// Each button should connect from the pin to GND.
      initButtonStates();
      setupBouncers();
      //
      initWakeupPins();
      //
      pinMode(LED_BUILTIN, OUTPUT);
      //Serial.begin(9600);
      while (!Serial);
      AudioMemory(8); //4
      delay(2000);
      Serial.println("start...");
    
      // Start SerialFlash
      if (!SerialFlash.begin(FLASH_CHIP_SELECT)) {
        while (1) {
          Serial.println ("Cannot access SPI Flash chip");
          delay (1000);
        }
      }
    
      //Set Volume
      mixer1.gain(0, 0.5);
      mixer1.gain(1, 0.5);
    
      init_amplifier();
    
      Serial.println("ready...");
    }
    
    void playFile(const char *filename)
    {
      SerialFlashFile ff = SerialFlash.open(filename);
      Serial.print("Playing file: ");
      Serial.println(filename);
    
      uint32_t sz = ff.size();
      uint32_t pos = ff.getFlashAddress();
    
      // Start playing the file.  This sketch continues to
      // run while the file plays.
      playMp31.play(pos,sz);
    
      // Simply wait for the file to finish playing.
      /*
      while (playMp31.isPlaying()) {
        yield();
      }
      */
    }
    
    
    
    // JUST A LITTLE CHANGE:  Just put in the buttons on this one. But. It looks like the whole thing will delay until the file is done playing.
    // That means the buttons should be useless until the sound is done.
    // One way to fix that is to quit using the call to yield() above. Eliminate the loop.
    // Again, the stops might have to be uncommented.
    
    elapsedMillis gt_activityTimeout = 0;
    
    bool activityTimeout(void) {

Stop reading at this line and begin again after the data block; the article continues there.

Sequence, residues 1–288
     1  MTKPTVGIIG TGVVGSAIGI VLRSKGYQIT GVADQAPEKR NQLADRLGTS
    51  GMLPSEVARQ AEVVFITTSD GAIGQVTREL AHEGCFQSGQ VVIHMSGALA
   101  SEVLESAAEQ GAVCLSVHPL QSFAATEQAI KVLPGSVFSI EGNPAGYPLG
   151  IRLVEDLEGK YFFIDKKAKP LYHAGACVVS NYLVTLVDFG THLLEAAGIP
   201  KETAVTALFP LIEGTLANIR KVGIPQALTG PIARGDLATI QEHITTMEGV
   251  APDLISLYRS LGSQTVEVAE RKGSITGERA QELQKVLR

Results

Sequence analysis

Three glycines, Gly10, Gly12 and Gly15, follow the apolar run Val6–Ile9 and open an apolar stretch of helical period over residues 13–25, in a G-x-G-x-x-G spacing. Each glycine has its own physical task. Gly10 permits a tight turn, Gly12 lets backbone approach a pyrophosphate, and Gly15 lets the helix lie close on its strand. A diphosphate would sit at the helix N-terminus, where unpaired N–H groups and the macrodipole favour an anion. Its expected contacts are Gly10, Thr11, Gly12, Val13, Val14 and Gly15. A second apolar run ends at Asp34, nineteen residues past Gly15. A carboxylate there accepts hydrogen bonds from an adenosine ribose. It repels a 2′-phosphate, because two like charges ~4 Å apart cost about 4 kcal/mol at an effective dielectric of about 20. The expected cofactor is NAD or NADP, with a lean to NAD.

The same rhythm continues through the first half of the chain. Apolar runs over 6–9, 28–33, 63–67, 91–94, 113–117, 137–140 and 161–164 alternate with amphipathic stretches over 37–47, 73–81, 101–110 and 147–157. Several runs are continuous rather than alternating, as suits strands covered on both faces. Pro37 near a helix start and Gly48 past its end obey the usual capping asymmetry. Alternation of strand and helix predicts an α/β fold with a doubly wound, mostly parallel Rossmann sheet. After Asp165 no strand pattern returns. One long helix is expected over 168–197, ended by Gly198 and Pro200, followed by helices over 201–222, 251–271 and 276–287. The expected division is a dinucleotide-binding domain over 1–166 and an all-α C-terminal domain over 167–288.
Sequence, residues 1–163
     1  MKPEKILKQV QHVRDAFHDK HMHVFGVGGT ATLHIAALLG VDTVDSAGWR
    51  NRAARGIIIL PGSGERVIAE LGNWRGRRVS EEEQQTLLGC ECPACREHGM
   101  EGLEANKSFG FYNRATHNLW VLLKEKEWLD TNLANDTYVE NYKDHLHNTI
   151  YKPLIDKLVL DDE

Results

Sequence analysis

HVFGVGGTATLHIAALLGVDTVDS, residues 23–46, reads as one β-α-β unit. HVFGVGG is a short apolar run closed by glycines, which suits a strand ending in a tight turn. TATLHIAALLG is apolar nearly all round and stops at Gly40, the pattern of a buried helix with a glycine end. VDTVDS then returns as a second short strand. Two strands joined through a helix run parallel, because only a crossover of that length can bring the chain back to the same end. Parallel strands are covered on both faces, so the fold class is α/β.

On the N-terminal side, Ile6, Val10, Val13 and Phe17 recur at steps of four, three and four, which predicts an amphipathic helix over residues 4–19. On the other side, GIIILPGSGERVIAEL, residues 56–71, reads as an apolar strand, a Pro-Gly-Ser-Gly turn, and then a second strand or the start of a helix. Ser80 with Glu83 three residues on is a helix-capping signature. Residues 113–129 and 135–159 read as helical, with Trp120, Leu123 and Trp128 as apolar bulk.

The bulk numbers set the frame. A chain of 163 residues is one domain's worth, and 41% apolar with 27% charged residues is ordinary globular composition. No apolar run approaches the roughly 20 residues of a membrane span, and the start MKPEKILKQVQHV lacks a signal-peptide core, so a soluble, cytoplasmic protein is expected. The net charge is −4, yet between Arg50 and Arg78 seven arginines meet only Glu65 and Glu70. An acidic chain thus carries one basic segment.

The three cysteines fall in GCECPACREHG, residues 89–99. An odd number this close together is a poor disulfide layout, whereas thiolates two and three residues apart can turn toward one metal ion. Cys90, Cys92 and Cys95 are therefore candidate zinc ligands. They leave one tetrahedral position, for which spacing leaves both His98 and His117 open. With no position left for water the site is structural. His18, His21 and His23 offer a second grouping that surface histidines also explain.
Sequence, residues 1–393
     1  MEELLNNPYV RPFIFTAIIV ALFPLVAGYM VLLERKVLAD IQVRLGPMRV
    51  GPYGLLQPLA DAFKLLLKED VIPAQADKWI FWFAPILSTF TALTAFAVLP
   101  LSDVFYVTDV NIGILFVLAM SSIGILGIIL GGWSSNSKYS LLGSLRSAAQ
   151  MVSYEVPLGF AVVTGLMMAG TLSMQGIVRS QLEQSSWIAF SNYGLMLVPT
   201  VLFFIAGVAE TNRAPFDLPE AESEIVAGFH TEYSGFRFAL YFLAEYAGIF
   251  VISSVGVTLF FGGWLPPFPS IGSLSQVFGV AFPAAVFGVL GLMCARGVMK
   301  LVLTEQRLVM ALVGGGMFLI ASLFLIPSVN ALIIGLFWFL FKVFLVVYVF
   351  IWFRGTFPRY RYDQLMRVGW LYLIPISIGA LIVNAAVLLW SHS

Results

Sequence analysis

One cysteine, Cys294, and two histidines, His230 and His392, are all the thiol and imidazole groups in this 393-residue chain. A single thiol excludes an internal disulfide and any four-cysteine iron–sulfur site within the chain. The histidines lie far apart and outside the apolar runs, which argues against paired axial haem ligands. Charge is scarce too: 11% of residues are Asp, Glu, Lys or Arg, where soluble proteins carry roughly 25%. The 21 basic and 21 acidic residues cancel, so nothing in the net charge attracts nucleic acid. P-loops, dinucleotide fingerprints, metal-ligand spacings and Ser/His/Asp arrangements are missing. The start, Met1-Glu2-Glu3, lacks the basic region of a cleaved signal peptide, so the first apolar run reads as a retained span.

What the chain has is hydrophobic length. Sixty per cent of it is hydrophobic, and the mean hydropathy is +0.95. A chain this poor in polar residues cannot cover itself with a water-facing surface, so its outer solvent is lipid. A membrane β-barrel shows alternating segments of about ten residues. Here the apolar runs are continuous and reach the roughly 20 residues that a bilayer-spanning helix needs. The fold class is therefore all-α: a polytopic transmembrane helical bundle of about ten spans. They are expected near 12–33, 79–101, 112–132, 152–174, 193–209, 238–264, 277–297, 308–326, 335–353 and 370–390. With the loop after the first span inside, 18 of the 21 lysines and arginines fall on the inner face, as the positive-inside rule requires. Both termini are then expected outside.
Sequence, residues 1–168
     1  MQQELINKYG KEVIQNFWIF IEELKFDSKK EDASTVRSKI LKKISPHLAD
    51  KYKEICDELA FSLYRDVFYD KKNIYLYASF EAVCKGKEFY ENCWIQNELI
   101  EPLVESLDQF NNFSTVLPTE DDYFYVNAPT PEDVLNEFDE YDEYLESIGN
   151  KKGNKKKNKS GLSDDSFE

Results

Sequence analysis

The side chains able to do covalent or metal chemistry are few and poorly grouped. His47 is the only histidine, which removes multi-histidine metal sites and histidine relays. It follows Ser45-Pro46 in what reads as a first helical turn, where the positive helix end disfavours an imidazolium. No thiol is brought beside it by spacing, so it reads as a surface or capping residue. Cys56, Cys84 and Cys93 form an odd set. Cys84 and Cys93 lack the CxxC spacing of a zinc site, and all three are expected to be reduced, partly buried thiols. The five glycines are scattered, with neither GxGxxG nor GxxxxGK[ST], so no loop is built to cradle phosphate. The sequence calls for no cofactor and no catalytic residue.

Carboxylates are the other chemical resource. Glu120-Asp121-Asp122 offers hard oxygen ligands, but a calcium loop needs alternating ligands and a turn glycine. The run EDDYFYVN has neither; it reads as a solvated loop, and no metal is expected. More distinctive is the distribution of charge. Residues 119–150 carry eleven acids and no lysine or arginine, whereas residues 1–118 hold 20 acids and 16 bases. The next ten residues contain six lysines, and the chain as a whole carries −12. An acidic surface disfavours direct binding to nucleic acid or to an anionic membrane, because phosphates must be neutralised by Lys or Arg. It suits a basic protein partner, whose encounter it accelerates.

if ( gt_activityTimeout > HIBERNATE_DELAY ) {
        return(true);
      }
      return(false);
    }
    
    void actvityRefreshTimer(void) {
      gt_activityTimeout = 0;
    }
    
    void actvityWakeup() {
      delay(PINTER_DELAY);
      actvityRefreshTimer();
    }
    
    
    void triggerAwake(void) {
    
      if ( !playMp31.isPlaying() ) {
        if ( activityTimeout() ) {
          digitalWrite(LED_BUILTIN, LOW);
          Serial.println("going to sleep...");
          setAmpliferState(false);
          delay(100);
          //Snooze.sleep( config );
    
          Serial.print(gt_activityTimeout);
          Serial.print(" ");
    
          elapsedMillis timeout = 0;
    
          Serial.println(gt_activityTimeout);
          // bounce needs to call update longer than the debounce time = 5ms,
          // which is set in constructor.
          while (timeout < 10)  buttonUpdates();
          //
          Snooze.hibernate( config );
          //Snooze.sleep( config );
          //
          actvityWakeup();
          setAmpliferState(true);
          Serial.println("Woke up");
          digitalWrite(LED_BUILTIN, HIGH);
        }
        // actually never really returns.
      } else {
        actvityRefreshTimer();
      }
    }